Two weeks ago, I had the privilege of joining 40 women leaders from across the Australian church in traveling to our nation’s capital. We came together at the invitation of Micah Australia, to amplify the voices of people in the Pacific in a collective call for a compassionate, principled aid budget and policy for engaging with our nearest neighbours.
Granted, Christians in Australia may be unaware of the context in the Pacific. Up to 90 per cent of people living in the various island nations in the region affirm a Christian faith. Or that these neighbours face acute poverty and experience a range of compounding challenges in the midst of this, with more than 60 per cent of women in some Pacific Island countries having experienced violence, and one in four adolescent girls experiencing physical violence regularly, according to a recent report. Our closest neighbours, our brothers and sisters in Christ, are facing crises that diminish their flourishing and that we as the Australian Church must recognise and respond to.
I’ve been a Christian advocate and member of the development sector for almost a decade. I’ve lost count of the number of times I’ve been privileged to travel to Canberra to meet with politicians as a delegate with Micah Australia’s flagship event, Voices for Justice. And I’ve watched as the Australian Aid budget has been cut time and time again, by both the Coalition and the Labour party when in government, to stand now at the lowest apportion of our total national budget ever, at 0.22 per cent of GNI.
I’ve been broken-hearted for the world’s poorest and most vulnerable whose pressing and oppressive situations are forgotten by Australia in these budget cuts. I’ve been broken-hearted also for the spirit of our nation when these cuts are met with apathy and even praise from the Australian electorate. A nation that does not know its own blessing as a prosperous people and forgets how to be generous has found itself in a different kind of poverty.
So to see a delegation of almost 40 women leaders from across the church take up the call to advocate on these issues stirred hope in me. I saw already busy women in ministry respond in their roles as Christian leaders, following God’s call to love and care for our neighbour. They used their giftings, their voices, their platforms, their time and their citizenship to elevate the needs of vulnerable women and children and to call for leadership on this in our nation’s capital.
And these women were a force. I watched Beck Wilesmith, the senior advisor from Micah Australia, lead our delegation with a wealth of political insight and experience in guiding the church to respond to these injustices through their political advocacy. I saw Rev Dr Seforosa Carroll, a gifted theologian from UnitingWorld, educate the group and our elected leaders, speaking from both her deep theological training and her years of experience working directly with the local church across the Pacific.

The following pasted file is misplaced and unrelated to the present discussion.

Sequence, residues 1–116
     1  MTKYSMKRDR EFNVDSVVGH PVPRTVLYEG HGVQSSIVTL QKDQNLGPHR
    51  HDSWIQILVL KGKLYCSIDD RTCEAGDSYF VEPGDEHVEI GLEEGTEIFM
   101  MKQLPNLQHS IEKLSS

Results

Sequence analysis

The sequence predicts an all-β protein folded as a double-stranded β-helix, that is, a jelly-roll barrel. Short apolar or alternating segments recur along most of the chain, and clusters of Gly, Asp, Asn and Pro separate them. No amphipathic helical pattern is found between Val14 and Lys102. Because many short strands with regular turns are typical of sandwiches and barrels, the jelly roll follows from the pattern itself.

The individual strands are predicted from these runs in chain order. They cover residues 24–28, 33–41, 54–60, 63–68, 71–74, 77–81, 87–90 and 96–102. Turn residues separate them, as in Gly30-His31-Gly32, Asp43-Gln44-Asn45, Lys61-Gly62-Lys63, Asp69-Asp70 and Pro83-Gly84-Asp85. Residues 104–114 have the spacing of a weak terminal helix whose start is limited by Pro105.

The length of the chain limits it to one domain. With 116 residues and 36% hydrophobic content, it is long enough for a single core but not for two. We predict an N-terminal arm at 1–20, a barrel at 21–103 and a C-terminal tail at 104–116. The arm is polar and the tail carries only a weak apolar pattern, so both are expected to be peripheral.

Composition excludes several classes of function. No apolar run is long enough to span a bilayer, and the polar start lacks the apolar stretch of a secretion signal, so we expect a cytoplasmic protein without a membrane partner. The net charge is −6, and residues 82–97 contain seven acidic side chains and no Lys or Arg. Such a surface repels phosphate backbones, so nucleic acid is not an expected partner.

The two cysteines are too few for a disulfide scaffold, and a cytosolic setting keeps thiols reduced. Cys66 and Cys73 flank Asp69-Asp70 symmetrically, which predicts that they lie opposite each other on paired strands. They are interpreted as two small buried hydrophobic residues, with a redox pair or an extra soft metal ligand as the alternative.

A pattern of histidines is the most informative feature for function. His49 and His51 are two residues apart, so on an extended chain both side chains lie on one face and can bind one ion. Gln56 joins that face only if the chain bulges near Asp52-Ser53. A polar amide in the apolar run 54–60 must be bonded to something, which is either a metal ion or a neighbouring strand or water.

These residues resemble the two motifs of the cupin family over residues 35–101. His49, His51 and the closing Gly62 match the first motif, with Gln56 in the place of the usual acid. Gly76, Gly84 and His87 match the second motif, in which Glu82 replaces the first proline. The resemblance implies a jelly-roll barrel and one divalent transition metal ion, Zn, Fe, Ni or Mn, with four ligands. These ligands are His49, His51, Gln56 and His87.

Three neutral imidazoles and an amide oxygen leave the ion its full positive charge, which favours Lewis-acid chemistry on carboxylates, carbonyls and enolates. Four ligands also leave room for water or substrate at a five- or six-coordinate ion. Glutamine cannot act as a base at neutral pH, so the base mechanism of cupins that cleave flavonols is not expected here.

I listened as Brooke Prentis, an Aboriginal Christian Leader and a descendant of the Waka Waka peoples, offered an Aboriginal blessing she had herself written in the group’s meeting with the Prime Minister, praying for all in the room to continue walking on this ancient land in truth, justice, love and hope. And I heard Dr Kate Harrison Brennan, my own CEO of Anglican Deaconess Ministries, serve as a consistent and fluent spokeswoman on Australian policies from a biblical perspective. Overall, I saw how a diverse group of Christian women stood united in this moment of Kingdom work.
As this delegation of leaders from across the church return home, we remain committed to continuing to speak on these issues to our local churches. We know that discussion and action on these concerns can’t simply be left behind us in the halls of Parliament as we return to our communities.
We urge our church members and Christian friends to pray and act with us. We pray that the conversations held in Canberra this week were both a blessing and a challenge to our elected representatives. We pray that our nation can truly see its opportunities and responsibilities as a neighbour in our region, and that our brothers and sisters in the Pacific, especially women and children, would see justice flow in their nations and know relief from the oppression of poverty.
We also ask that those reading this would speaking to their elected representatives, letting them know that the Australian Church stands united for an aid budget that is informed and strategic in meeting the needs of the people in the Pacific. The call to love our neighbour is clear, and this week reminds me again that we can do more together in responding to that call than we could ever do on our own.
Do you want an opportunity to speak up about the global justice issues you care about? Then Voices for Justice is for you! Come join us this December in Canberra as we take a stand for the world’s poor, vulnerable and oppressed. Apply now.